Appellant filed a petition for allowance of appeal raising two questions regarding SORNA's "sexual offenses and tier system" provisions set forth at 42 Pa.C.S. § 9799.14 :

1) Does applying [ 42 Pa.C.S. § 9799.14 ] retroactively violate the Federal Constitution?
2) Does applying [ 42 Pa.C.S. § 9799.14 ] retroactively violate the Pennsylvania Constitution?

This Court granted review of both questions. Commonwealth v. Muniz , 635 Pa. 260, 135 A.3d 178 (Pa. 2016).

II. Summary of Arguments and Applicable Standards of Review

Briefly, appellant argues SORNA unconstitutionally increases the length of registration and notification requirements for sex offenders subject to its retroactive application. Appellant claims despite the General Assembly's declaration SORNA is not to be construed as punitive, the statute's text and structure make clear the legislative objective was to punish. Appellant asserts SORNA is so punitive in purpose and effect that the General Assembly's intent to deem it civil is undermined. Thus, appellant claims, SORNA increases punishment for conduct which occurred before its enactment and such retroactive application violates both federal and state constitutional bans on ex post facto laws; in doing so, appellant argues the Pennsylvania Constitution provides greater protection than the United States Constitution. Appellant argues SORNA is therefore unconstitutional as applied to someone like him whose conviction predated its enactment.6

In response, the Commonwealth argues the decision of the United States Supreme Court in Smith v. Doe , 538 U.S. 84, 123 S.Ct. 1140, 155 L.Ed.2d 164 (2003), and an analysis of the factors set forth in Kennedy v. Mendoza–Martinez , 372 U.S. 144, 83 S.Ct. 554, 9 L.Ed.2d 644 (1963), both direct SORNA is not punishment, and thus there can be no ex post facto violation. The Commonwealth focuses on the General Assembly's aim to address the "major public concern" of recidivism among adult sex offenders and indicates SORNA's terms are not excessive given this legislative purpose.7

As we consider the parties' arguments in more detail below, we recognize there is a general presumption that all lawfully enacted statutes are constitutional. Commonwealth v. Lee , 594 Pa. 266, 935 A.2d 865, 876 (2007). In addition, as this case presents questions of law, our scope of review is plenary and we review the lower courts' legal determinations de novo . Id .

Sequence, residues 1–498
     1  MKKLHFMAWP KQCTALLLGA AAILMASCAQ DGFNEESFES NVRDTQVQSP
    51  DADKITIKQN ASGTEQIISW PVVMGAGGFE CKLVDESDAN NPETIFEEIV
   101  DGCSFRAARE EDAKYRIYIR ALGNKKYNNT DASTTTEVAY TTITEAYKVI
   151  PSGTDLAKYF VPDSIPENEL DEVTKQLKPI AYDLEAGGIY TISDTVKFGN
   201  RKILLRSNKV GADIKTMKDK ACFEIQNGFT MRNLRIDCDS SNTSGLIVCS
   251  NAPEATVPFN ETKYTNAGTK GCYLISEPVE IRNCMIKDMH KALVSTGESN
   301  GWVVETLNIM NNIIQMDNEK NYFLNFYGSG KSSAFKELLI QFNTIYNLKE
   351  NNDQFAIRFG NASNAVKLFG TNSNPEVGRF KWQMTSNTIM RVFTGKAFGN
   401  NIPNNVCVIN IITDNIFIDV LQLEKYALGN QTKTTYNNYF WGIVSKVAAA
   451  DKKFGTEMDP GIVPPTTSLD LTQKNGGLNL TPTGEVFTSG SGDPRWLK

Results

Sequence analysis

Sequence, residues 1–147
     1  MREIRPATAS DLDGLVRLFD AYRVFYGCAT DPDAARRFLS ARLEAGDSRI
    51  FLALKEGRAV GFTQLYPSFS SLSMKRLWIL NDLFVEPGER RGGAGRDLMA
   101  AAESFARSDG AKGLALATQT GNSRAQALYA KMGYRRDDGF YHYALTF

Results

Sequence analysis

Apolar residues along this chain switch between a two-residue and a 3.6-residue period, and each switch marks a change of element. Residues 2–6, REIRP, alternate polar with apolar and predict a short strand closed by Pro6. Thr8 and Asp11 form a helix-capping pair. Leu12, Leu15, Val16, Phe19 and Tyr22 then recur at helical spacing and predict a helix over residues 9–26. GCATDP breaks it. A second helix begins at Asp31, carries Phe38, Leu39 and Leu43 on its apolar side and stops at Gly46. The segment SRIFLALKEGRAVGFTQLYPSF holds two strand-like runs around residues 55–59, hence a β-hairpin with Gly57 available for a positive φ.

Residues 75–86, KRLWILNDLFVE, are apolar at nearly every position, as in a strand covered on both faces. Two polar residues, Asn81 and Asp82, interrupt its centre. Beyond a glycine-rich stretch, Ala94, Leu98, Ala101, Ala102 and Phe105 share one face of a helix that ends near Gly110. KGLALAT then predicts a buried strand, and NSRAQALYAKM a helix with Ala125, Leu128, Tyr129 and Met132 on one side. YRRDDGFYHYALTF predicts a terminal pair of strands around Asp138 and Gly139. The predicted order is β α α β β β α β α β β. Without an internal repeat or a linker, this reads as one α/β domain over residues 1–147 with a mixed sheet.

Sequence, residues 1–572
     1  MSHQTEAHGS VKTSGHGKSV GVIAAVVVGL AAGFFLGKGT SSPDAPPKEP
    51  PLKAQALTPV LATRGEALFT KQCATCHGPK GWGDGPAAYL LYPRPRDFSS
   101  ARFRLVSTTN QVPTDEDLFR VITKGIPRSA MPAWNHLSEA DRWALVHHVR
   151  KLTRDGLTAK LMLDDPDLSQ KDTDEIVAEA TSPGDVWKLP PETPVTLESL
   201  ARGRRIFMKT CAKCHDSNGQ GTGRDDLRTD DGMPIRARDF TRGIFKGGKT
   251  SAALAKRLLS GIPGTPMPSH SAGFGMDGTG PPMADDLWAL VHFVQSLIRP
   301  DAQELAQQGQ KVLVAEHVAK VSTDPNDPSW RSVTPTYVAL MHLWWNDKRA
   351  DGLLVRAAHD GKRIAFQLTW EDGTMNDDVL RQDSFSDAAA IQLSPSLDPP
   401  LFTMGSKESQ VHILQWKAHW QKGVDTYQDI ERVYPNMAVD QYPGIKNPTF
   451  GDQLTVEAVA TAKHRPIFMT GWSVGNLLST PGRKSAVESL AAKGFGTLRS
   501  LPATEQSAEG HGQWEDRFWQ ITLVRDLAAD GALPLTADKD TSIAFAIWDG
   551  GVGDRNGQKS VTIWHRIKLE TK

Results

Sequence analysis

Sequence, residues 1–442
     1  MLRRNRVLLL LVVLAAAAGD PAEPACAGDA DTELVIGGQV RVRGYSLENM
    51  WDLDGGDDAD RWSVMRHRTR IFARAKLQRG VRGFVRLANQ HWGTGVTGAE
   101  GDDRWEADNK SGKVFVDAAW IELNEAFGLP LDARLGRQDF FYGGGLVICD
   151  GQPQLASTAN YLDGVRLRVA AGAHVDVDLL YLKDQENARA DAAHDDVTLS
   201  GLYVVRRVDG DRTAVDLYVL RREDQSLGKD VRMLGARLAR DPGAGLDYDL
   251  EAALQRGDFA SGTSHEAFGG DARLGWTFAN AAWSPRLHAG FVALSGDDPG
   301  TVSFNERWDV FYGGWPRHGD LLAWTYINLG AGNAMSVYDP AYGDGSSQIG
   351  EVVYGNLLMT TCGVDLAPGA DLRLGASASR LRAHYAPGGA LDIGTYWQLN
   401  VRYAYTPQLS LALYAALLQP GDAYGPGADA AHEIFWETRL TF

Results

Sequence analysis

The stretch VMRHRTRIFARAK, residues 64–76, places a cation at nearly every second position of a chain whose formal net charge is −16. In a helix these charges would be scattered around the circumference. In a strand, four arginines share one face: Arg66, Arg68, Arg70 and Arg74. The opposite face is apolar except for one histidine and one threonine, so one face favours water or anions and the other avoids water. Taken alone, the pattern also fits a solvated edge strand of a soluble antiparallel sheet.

III. Ex Post Facto Laws Generally

Before turning to the history of Pennsylvania sex offender laws and the specific provisions of SORNA at issue in this appeal, we first explain the general purpose of ex post facto prohibitions. The central concern in incorporating ex post facto clauses in both federal and state constitutions was to "assure that federal and state legislatures were restrained from enacting arbitrary or vindictive legislation" following the American Revolution. Miller v. Florida , 482 U.S. 423, 429, 107 S.Ct. 2446, 96 L.Ed.2d 351 (1987), citing Calder v. Bull , 3 U.S. 386, 391, 3 Dall. 386, 1 L.Ed. 648 (1798). However, as noted by Chief Justice Chase in Calder , the term ex post facto "had been in use long before the Revolution." Calder , 3 U.S. at 391. The clauses were thus also directed at the separate concern, relevant here, that individuals are entitled to "fair warning" about what constitutes criminal conduct, and what the punishments for that conduct entail. Miller , 482 U.S. at 430, 107 S.Ct. 2446 ; see also Commonwealth v. Rose , 633 Pa. 659, 127 A.3d 794, 805 (2015), quoting WAYNE R. LAFAVE, CRIMINAL LAW 116, 121 (5th ed. 2010). The United States Supreme Court, in Weaver v. Graham , 450 U.S. 24, 101 S.Ct. 960, 67 L.Ed.2d 17 (1981), succinctly articulated this idea in stating, "Critical to relief under the Ex Post Facto Clause is not an individual's right to less punishment, but the lack of fair notice and governmental restraint when the legislature increases punishment beyond what was prescribed when the crime was consummated." Id . at 30, 101 S.Ct. 960. Based on both these concerns, Chief Justice Chase set out four categories of laws that violate such prohibitions:

1st. Every law that makes an action done before the passing of the law, and which was innocent when done, criminal; and punishes such action. 2nd. Every law that aggravates a crime, or makes it greater than it was, when committed. 3rd. Every law that changes the punishment, and inflicts a greater punishment, than the law annexed to the crime, when committed. 4th. Every law that alters the legal rules of evidence, and receives less, or different, testimony, than the law required at the time of the commission of the offense, in order to convict the offender.

Calder , 3 U.S. at 390. Furthermore, "two critical elements" must be met for a criminal or...